Let us explain how you may benefit from this approach, what the risks are and how they can be mitigated.
Why involve you non-procurement employees?
When you allow non-procurement employees to take a direct part in the ordering process, here’re the gains you get:
- Enhanced efficiency of the procurement department
The procurement department frequently gets ‘attacked’ with the questions of other departments on the order status, delivery dates as well as requests to change an order, etc. Involvement of non-procurement employees can help the procurement department to avoid spending their time on such low-value repeating tasks. And even in case an order requires approval from the procurement staff, doing so you decrease the time spent on order processing. It spares procurement employees from multiple clarifications of order contents and duplication of effort as they don’t have to re-enter the info received from other departments via email or internal system to fill in the order documentation.
- Smarter purchases
When orders are made by people who need these products and services directly to use in their work, there’re more chances for smarter choices. End users are more likely to know what product model or brand will serve longer and better, won’t require costly rework, etc.
- Reduced misinterpretations and errors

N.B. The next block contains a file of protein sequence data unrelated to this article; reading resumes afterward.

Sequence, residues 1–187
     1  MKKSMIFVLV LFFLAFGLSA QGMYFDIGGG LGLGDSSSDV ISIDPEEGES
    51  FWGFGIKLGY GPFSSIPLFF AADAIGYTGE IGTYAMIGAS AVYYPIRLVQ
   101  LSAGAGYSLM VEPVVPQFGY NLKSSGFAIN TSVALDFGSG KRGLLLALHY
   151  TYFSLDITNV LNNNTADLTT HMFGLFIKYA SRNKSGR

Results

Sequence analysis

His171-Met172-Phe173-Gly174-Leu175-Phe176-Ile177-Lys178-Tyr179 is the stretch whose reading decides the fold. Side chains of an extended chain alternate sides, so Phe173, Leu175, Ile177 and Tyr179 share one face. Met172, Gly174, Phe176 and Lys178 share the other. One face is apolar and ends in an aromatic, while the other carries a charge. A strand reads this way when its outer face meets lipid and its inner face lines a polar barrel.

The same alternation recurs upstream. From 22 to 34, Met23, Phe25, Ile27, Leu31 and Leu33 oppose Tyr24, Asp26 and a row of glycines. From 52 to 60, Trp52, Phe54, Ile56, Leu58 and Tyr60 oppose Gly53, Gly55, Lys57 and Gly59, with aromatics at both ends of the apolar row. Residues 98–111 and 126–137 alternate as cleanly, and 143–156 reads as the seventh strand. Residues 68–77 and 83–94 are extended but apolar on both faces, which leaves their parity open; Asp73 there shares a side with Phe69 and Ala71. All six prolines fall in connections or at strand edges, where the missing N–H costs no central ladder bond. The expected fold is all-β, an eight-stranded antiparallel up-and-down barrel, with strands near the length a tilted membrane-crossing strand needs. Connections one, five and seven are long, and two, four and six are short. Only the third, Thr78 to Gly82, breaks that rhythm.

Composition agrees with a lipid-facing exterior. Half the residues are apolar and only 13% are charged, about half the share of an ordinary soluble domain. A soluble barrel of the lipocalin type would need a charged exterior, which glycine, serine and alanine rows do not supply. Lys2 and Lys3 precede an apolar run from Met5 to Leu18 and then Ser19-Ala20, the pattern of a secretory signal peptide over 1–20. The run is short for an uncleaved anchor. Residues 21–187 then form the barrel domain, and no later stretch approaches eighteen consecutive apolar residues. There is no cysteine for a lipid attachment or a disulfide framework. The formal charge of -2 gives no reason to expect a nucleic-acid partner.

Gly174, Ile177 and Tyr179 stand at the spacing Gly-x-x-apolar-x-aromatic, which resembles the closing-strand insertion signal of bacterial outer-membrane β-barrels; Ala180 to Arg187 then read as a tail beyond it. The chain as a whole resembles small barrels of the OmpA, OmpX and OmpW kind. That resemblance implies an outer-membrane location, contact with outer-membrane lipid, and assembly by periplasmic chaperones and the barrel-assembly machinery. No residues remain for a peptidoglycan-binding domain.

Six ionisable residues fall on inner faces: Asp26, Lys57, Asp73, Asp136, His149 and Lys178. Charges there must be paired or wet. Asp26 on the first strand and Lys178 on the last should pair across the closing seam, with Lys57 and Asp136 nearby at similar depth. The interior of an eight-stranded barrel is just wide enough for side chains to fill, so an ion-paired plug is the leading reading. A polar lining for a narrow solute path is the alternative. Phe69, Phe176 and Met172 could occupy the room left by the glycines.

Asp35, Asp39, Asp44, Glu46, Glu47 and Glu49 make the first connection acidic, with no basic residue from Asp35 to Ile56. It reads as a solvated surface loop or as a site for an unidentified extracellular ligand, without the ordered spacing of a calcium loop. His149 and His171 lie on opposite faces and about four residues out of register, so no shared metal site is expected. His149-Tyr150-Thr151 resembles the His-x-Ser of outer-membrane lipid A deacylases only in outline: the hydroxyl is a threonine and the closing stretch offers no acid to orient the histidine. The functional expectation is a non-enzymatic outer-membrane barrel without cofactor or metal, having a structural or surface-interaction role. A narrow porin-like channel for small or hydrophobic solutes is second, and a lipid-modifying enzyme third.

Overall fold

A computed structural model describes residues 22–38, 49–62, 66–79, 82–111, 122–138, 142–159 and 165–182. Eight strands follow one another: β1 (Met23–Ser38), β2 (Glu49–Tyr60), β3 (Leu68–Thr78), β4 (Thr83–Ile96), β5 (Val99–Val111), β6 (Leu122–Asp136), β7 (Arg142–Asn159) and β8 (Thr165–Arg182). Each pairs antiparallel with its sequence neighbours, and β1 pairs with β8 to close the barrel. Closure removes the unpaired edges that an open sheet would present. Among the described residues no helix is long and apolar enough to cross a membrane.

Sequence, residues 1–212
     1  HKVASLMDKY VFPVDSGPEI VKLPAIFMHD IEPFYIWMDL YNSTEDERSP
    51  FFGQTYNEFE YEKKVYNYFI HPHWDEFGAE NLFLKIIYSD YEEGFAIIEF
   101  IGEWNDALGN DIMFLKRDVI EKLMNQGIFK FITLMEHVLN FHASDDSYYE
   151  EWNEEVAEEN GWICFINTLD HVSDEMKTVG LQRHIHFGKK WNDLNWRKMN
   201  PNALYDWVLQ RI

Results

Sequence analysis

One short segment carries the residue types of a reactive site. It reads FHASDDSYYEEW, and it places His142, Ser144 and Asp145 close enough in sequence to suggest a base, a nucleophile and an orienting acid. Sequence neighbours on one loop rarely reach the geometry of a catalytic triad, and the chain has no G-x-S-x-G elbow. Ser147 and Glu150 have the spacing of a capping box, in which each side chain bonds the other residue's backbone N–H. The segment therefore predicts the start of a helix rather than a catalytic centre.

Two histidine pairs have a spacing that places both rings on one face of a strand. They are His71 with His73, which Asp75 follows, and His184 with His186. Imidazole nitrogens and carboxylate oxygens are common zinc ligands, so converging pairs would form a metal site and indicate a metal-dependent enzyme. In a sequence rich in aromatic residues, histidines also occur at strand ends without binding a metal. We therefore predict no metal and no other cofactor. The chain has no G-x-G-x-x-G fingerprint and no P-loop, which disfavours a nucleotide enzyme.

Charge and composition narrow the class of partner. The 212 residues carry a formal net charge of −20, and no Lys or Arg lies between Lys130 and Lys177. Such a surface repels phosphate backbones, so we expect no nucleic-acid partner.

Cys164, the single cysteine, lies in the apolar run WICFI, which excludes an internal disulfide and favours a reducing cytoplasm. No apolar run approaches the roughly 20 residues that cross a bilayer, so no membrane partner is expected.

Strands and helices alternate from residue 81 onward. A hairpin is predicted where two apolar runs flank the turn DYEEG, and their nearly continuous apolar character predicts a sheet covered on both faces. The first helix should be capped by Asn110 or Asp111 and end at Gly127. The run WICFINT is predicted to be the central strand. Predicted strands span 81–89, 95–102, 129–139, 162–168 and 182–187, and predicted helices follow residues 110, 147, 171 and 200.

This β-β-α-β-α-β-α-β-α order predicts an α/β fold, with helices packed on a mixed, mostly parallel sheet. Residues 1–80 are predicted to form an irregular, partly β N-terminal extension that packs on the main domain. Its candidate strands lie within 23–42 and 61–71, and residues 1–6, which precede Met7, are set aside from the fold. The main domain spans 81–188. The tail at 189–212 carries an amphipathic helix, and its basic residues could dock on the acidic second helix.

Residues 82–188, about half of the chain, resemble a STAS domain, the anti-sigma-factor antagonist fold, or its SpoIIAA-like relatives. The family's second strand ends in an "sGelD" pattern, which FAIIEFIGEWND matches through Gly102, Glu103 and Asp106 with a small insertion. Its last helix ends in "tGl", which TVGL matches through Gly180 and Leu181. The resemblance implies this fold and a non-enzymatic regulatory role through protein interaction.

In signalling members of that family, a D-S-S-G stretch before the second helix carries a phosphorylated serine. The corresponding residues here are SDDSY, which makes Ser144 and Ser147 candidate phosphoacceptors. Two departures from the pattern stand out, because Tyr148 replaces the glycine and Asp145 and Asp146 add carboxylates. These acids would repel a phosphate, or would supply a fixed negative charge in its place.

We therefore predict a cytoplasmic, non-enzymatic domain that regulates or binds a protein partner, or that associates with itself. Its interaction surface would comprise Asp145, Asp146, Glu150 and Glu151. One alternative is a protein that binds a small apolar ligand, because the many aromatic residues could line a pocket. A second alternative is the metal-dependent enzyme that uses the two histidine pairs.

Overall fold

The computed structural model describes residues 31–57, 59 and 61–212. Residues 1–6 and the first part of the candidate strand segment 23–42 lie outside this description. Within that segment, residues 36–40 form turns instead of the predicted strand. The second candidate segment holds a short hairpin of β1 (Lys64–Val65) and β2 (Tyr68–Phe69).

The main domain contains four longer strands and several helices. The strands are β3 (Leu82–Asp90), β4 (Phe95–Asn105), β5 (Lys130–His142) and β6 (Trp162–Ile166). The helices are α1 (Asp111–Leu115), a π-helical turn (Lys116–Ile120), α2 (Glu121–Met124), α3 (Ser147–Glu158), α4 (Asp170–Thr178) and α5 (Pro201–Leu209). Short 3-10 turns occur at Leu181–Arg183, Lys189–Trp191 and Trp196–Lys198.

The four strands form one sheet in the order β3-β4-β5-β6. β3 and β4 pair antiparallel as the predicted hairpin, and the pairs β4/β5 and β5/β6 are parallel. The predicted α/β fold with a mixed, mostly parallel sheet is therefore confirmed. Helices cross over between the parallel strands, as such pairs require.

Misinterpretation and errors may appear when the order info is to come through several departments before finally reaching its destination – a vendor. Moreover, the procurement staff can often have difficulty understanding the characteristics of specific goods and materials. Allowing non-procurement employees to make up orders on their own, you greatly increase the chances that their accuracy won’t be damaged and the requesters will get exactly what they expected.
- Informed vendors
Collaborative procurement allows for direct communication between non-procurement employees and suppliers, so it becomes much easier for the latter to get constant feedback from end users and understand what can be improved and how.
Fears about purchasing directly
However appealing, the idea about involving other departments in purchasing activities may provoke rather disturbing thoughts, such as:
- It can result in maverick buying
The more people are engaged in the procurement process, the easier it is to lose control over it and face violation of company guidelines and policies, budget exceeds, etc.
- It can distract other departments from their job
Employees from other departments may get distracted from their core responsibilities spending their time and effort on the extra procurement activities.
Fortunately, these are not the reason enough to abandon the idea about the benefits that the involvement of non-procurement staff can bring. There are ways to safely mitigate the associated problems with the right software choices.
How you can win with a procurement portal